SHOOTING: The house in Manila’s Old Balara district where police fatally shot seven drug suspects last September. Pictured in April, 2017. REUTERS/Andrew R.C. Marshall

“All of them were cold to the touch.”

Jerome Paez, a doctor at East Avenue Medical Center

Such practices can leave the system open to abuse, said Raquel Del Rosario Fortun, an independent forensic scientist and chair of the University of the Philippines Manila pathology department.

“They do the shooting, they do the killing – and they investigate themselves,” she said. “Impunity, that’s what’s happening.”

Old Balara is part of Quezon City, the largest of the 17 cities and municipalities that make up Metro Manila, and the most populous city in the Philippines.

Old Balara district chief Franza said police insisted his staff of volunteer security guards bring drug-war casualties from operations to the hospital – even when it was clear they were dead. Because he has assisted the police by transporting casualties, the victims’ families have accused him and his staff of complicity in the killings, he said.

In March, Franza decided he had had enough. Keep responding to police calls, he told his staff, but don’t take a body to hospital without the go-ahead from SOCO crime scene investigators. “I decided not to take action which I think is not proper,” said Franza.

The seven victims from Old Balara arrived at East Avenue Medical Center stacked in a flatbed truck and another vehicle, said Jerome Paez, an attending physician at the emergency room that night. Most had been shot in the head and many also had multiple gunshots in their chests, he said. None were breathing or had a pulse.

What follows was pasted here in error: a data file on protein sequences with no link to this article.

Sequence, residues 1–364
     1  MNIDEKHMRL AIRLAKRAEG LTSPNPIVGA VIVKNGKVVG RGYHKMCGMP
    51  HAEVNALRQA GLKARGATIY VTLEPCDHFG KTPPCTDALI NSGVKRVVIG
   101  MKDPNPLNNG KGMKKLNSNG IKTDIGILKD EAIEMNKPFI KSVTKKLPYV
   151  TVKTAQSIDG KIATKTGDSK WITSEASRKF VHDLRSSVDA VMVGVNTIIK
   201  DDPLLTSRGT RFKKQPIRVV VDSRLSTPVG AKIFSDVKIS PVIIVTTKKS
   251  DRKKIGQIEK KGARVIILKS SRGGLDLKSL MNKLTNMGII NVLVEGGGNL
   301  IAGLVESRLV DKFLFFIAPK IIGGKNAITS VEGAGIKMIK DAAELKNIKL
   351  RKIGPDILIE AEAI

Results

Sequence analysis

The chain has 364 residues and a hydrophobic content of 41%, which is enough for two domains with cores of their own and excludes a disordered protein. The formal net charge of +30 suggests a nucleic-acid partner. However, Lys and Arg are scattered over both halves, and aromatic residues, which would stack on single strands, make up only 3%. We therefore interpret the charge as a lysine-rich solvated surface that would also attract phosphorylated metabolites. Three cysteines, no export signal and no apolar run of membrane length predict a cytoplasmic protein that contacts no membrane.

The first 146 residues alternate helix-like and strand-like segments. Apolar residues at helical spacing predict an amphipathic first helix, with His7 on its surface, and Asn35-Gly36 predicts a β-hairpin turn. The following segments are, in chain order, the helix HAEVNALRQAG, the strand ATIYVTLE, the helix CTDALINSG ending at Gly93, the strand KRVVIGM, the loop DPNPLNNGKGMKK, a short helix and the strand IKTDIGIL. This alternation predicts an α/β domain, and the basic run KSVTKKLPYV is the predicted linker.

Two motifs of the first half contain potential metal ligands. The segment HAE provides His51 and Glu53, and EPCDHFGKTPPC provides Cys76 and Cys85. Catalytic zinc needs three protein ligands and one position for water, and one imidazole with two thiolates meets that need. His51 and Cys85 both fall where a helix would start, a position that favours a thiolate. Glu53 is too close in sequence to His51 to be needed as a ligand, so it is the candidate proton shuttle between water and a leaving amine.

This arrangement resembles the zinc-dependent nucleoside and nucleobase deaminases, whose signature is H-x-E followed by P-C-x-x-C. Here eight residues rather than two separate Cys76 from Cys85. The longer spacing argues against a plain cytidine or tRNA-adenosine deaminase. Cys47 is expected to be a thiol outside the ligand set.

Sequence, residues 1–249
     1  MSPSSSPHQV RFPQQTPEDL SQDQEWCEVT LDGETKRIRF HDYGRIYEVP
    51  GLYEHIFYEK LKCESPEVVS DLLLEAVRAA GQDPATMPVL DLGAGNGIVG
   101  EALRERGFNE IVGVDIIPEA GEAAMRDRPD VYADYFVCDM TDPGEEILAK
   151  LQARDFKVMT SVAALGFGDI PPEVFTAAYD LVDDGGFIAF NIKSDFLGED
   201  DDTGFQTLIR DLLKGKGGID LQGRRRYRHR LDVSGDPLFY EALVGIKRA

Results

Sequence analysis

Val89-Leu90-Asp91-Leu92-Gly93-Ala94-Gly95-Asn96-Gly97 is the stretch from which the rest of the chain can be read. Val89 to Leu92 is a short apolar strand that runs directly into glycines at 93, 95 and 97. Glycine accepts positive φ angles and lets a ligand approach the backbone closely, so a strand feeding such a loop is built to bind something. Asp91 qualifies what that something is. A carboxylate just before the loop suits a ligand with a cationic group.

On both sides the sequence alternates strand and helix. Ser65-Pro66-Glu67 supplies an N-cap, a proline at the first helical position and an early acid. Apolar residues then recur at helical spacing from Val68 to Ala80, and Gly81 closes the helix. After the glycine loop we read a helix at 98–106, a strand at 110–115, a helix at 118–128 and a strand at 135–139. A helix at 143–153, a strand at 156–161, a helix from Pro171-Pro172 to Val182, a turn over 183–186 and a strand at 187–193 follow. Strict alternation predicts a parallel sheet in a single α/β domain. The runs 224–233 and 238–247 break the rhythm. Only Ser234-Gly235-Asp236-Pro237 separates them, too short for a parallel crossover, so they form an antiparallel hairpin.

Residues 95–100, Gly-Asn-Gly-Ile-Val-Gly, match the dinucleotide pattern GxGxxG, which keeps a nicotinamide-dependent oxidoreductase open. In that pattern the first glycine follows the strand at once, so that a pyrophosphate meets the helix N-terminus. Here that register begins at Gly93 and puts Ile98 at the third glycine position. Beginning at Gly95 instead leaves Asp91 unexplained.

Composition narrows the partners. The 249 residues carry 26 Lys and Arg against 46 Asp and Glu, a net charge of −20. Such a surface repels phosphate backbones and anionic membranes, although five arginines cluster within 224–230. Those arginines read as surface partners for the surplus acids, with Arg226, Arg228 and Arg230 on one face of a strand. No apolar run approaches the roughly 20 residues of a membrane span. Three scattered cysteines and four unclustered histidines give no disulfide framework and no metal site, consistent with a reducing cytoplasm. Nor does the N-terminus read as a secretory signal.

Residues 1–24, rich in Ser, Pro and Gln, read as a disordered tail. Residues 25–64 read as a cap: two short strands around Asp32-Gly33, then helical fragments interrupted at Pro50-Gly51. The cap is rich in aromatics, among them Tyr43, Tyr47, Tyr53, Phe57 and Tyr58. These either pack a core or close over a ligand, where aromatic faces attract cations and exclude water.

EMERGENCY ROOM: A drug suspect shot by police arrives at a public hospital in central Manila in June. He was declared dead on arrival. REUTERS/Dondi Tawatao

“All of them were cold to the touch,” said Paez, who has dealt with 21 drug suspects pronounced dead on arrival.

The victims had been refused admission earlier at Quezon City General Hospital’s emergency room, a 15-minute drive away, because they were already dead, said district chief Franza. The hospital told Reuters it had no record of receiving patients from Old Balara that night.

The Old Balara bodies were already in the morgue of East Avenue Medical Center by the time the mother of victim Elmer Gayoso arrived. She asked Reuters to withhold her name, saying she feared retribution from the police.

Gayoso had been shot through the head and the heart, she said, and the headshot had destroyed his face. She said her husband identified him by scouring his corpse for familiar childhood scars. The wounds were so grave that she didn’t believe that the police took Gayoso to the hospital to save his life.

“That was their pretense,” she said, weeping.